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How I fought back!!


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#1 Elvis

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Posted 25 August 2007 - 01:30 PM

Hello

Last years I infected my computer (win XP sp2) with a nasty virus that just didn't want to go away. Even after it was remove, it had alter something in the registry and at regular interval (3 sec) it call IE to open and close. Of course this was really annoying :techsupport:

So I did the only thing that I knew would work and I did a clean windows Install :blush: After that I was really careful about what I did with my computer. You know avoiding suspicious site (pr0n), Gave up on Peer to peer application etc. I was regularly cleaning, scanning my computer for spyware, malware, virus, and IE hijacker. I was basically working for my computer to keep it free of unwanted software.

That was no fun!!

So I gradually migrated to Linux !! I kept my windows XP and used it only for gaming. And I did all the rest on Mandriva (That the name on the Linux distribution that I'm using) Installing a Linux distribution in dual boot is pretty easy and it it is done by the installer. After a few week of getting use to this new OS I finally lost the fear of infection and my computer became fun again. I was surfing the web on web site that I would never dare to visit and I was downloading and burning like I never dare before. After six month I had found plenty of game for my distribution and I was hardly using win XP anymore. So I just wipe it off my hard drive and used the free space to better use.

I know full well that not everybody can change OS because of the very specific software that they need for work or for gaming. But most of user (95%) only use there computer for thing that any modern Linux distro can do with ease.

So this is how I fought Back, by dumping Microsoft.
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What I'm I doing here?? I'm Just trying to keep current on my windows skill for professional reason.

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#2 screen317

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Posted 25 August 2007 - 06:32 PM

But most of user (95%) only use there computer for thing that any modern Linux distro can do with ease.

So this is how I fought Back, by dumping Microsoft.



Did you know 72.45% of statistics are made up on the spot?


So let me ask you then, what are you going to do when the criminals target Linux in a more mainsteam manner?


~screen317

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#3 Elvis

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Posted 25 August 2007 - 07:46 PM

Did you know 72.45% of statistics are made up on the spot?


So let me ask you then, what are you going to do when the criminals target Linux in a more mainsteam manner?


~screen317


Indeed :whistle: but it is only based on what I see around.

Let say your a criminal and you want to remotely install a key logger on a linux based system.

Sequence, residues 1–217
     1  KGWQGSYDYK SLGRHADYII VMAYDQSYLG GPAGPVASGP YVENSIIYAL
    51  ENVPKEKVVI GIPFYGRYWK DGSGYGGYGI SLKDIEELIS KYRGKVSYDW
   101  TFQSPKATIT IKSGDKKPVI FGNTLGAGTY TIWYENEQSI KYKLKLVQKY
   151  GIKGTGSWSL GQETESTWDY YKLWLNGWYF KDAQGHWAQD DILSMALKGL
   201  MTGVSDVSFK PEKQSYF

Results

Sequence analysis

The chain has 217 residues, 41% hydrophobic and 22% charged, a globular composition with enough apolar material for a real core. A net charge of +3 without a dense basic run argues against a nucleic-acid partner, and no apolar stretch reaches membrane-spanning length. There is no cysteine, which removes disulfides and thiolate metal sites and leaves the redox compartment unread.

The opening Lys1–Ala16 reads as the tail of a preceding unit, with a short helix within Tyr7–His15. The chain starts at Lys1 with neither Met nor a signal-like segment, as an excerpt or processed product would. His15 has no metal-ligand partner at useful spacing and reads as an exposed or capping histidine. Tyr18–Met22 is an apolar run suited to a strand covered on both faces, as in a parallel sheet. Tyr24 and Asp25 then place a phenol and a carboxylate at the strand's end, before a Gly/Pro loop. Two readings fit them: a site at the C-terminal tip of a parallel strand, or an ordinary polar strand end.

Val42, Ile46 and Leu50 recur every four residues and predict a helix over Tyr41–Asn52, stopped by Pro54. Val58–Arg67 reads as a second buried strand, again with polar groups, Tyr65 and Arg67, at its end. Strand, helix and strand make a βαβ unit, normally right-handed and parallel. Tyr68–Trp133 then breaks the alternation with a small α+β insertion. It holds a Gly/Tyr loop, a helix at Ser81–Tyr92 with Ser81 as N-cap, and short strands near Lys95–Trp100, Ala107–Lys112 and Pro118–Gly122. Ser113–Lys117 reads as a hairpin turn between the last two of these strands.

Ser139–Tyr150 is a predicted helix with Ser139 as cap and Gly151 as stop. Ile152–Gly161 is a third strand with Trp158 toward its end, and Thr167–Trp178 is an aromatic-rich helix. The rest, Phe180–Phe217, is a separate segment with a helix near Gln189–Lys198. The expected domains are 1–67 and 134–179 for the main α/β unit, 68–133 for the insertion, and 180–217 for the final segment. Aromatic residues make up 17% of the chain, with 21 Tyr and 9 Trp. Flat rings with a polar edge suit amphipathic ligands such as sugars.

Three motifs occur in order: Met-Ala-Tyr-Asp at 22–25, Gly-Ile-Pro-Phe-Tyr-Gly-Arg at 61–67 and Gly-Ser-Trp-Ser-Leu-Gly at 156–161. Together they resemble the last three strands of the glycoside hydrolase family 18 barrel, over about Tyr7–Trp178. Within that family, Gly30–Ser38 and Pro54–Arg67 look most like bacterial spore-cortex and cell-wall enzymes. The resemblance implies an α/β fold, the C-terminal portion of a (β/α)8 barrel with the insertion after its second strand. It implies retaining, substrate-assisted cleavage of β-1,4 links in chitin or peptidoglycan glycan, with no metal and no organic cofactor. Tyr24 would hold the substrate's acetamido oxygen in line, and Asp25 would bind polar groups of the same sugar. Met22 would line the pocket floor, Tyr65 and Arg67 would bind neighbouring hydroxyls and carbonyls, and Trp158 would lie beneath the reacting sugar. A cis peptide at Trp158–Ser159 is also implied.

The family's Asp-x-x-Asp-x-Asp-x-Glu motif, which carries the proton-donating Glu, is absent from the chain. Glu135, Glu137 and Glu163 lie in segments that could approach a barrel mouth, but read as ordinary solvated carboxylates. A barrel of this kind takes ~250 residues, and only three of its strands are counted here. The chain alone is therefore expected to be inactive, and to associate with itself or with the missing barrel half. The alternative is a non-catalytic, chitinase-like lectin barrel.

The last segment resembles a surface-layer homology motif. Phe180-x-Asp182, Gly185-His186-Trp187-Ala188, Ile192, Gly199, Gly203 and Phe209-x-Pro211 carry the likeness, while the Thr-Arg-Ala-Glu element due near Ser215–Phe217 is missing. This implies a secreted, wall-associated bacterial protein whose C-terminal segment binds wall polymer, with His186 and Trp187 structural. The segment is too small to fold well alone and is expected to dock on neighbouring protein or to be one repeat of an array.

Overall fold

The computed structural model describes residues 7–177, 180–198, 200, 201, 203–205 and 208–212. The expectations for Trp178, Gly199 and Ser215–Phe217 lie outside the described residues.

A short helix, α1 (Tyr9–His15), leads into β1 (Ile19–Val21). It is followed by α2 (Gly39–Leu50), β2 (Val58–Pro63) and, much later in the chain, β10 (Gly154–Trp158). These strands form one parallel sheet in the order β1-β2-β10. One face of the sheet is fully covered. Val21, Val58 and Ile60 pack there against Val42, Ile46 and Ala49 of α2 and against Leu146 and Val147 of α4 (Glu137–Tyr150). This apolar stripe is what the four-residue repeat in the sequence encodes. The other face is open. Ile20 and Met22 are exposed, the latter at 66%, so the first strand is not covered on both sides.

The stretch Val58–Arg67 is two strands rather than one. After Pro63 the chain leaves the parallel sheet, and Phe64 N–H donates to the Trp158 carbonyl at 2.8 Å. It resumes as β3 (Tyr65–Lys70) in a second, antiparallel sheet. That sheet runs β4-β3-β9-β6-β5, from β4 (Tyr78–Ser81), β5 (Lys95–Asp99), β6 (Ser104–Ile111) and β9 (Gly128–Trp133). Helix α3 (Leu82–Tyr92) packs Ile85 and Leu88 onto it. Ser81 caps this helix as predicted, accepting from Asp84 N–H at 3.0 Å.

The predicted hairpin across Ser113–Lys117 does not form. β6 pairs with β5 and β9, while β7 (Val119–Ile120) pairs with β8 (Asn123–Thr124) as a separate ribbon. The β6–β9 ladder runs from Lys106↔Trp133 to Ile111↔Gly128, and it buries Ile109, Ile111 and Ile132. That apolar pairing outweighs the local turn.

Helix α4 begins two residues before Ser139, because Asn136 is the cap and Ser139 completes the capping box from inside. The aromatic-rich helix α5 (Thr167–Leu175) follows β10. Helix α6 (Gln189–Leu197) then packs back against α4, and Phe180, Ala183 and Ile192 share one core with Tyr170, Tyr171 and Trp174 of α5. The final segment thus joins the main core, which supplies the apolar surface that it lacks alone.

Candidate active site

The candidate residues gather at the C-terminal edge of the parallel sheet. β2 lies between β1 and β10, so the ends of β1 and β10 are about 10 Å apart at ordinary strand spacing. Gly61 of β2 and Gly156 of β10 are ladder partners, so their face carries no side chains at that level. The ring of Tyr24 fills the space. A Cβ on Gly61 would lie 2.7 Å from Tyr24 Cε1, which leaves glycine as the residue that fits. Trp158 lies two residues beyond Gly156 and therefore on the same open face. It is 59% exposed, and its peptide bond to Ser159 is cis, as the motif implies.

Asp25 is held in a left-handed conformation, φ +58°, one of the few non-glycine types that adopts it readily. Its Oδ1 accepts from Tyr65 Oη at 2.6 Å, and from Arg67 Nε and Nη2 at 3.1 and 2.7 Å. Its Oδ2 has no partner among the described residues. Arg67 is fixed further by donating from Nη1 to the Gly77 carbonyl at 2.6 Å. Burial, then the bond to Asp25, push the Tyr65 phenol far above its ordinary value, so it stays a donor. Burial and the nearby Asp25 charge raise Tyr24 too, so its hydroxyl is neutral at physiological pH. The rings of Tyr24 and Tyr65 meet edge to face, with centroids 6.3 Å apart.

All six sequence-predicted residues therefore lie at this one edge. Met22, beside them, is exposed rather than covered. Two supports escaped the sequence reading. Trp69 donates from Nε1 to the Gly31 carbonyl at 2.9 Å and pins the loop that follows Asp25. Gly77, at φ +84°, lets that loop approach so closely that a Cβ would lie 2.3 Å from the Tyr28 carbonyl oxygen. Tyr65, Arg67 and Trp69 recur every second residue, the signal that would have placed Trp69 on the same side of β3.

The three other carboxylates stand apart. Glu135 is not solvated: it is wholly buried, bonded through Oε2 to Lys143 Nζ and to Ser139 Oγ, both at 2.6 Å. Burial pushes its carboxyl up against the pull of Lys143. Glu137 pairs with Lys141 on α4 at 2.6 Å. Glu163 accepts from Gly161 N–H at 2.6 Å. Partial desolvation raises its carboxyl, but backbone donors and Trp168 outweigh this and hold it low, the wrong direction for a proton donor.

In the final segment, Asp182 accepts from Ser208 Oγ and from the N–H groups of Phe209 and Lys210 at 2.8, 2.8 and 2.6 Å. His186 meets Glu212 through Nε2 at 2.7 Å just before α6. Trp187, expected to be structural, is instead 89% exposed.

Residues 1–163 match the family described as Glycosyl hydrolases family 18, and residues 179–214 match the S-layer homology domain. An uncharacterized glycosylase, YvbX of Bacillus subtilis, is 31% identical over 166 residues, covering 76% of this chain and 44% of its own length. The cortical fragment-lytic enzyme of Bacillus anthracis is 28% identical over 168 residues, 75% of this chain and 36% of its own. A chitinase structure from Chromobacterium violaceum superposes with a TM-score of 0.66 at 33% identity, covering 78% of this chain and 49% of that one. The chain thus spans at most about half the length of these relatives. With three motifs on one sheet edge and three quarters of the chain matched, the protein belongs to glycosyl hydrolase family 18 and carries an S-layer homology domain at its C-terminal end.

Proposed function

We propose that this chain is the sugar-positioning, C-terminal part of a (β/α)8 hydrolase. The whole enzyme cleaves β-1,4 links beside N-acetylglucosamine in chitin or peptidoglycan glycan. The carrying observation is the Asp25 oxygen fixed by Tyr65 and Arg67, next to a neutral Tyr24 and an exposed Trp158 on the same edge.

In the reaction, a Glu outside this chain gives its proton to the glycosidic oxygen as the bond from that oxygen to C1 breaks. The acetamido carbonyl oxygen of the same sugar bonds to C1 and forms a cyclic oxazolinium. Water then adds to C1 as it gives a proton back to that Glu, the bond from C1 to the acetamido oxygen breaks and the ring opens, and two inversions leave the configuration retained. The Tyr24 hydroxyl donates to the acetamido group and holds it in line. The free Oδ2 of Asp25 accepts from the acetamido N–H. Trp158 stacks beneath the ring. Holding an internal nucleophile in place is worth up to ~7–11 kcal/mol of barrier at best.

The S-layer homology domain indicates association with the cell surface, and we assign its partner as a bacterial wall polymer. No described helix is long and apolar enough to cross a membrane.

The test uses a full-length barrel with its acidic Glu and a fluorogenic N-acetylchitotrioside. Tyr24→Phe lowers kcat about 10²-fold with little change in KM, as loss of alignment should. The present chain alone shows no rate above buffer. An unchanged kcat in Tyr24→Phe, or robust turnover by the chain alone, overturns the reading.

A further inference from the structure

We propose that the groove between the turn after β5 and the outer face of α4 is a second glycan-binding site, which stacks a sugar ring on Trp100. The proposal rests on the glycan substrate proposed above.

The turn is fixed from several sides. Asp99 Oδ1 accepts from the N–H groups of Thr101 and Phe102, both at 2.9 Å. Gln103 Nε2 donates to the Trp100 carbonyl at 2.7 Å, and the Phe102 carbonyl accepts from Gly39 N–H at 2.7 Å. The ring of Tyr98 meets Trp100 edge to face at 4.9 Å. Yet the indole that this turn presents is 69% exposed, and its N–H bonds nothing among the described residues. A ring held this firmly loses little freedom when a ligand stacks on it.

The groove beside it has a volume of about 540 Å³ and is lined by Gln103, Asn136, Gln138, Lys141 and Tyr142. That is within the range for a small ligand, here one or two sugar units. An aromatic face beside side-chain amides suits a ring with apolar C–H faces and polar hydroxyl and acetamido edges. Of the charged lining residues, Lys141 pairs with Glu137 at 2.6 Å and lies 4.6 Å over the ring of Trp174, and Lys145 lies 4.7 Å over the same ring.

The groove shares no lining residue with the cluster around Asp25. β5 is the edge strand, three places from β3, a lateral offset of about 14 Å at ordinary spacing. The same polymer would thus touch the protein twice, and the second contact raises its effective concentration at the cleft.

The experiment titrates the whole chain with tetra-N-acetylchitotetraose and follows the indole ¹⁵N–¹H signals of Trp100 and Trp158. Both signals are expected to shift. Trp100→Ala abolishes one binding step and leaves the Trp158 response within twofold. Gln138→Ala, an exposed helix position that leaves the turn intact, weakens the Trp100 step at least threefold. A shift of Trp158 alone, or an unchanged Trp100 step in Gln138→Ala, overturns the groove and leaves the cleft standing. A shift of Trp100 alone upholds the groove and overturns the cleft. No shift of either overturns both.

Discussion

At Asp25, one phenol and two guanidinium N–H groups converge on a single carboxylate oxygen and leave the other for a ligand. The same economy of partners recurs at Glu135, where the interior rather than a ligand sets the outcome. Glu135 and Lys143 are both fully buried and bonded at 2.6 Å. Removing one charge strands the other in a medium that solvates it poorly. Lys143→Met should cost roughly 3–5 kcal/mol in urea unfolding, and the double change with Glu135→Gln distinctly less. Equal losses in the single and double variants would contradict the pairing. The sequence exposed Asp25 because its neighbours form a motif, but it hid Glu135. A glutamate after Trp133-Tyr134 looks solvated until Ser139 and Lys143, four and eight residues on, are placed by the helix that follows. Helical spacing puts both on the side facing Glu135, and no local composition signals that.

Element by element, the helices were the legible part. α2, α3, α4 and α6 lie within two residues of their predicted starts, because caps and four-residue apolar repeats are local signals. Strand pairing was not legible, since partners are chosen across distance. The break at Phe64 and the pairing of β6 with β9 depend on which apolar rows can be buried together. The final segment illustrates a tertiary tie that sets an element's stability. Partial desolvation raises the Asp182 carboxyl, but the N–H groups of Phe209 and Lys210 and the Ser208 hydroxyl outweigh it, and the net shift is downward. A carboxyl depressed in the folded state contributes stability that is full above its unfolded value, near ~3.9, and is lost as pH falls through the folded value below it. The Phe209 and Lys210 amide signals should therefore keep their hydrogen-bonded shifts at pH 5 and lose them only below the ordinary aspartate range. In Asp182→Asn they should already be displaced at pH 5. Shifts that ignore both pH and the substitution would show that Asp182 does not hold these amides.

First your victim must make the infected file executable.

Then he must execute it as root. (with super user privilege)

Only then this virus can piggyback on the X server to start recording the key stroke.

Of course this is highly improbable. Since most software that are install on linux distribution come from repository that are audited and maintained by the maker of the distribution. It is also possible to install third party software safely. A linux user can just install it with user priviledge on is home partition. Then the infected installer is neutered and is basically harmless.

And for now and until MS is the main OS on the planet I need not to worry to much. Let's just say that I don't miss the periodic virus scan, Spyware scan, and the use of various XP cleaner.

The new Linux distribution that are out there are getting so user friendly that I'm building a PC for a family friend with Mandriva spring preinstall and configure. And this person is really not computer savvy and would have a really hard time just managing an anti virus software. I know it's sound silly but for some people all those constant virus update and spyware update etc can be a cause for stress. And especially when you have teenager using the family computer. When those kids start using kazaa or other peer to peer software on a window machine it doesn't take to long before it get infected.
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What I'm I doing here?? I'm Just trying to keep current on my windows skill for professional reason.

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#4 Elvis

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Posted 25 August 2007 - 07:46 PM

Oops double post
:techsupport:

Edited by Elvis, 25 August 2007 - 07:49 PM.

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What I'm I doing here?? I'm Just trying to keep current on my windows skill for professional reason.

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#5 Budfred

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Posted 25 August 2007 - 08:25 PM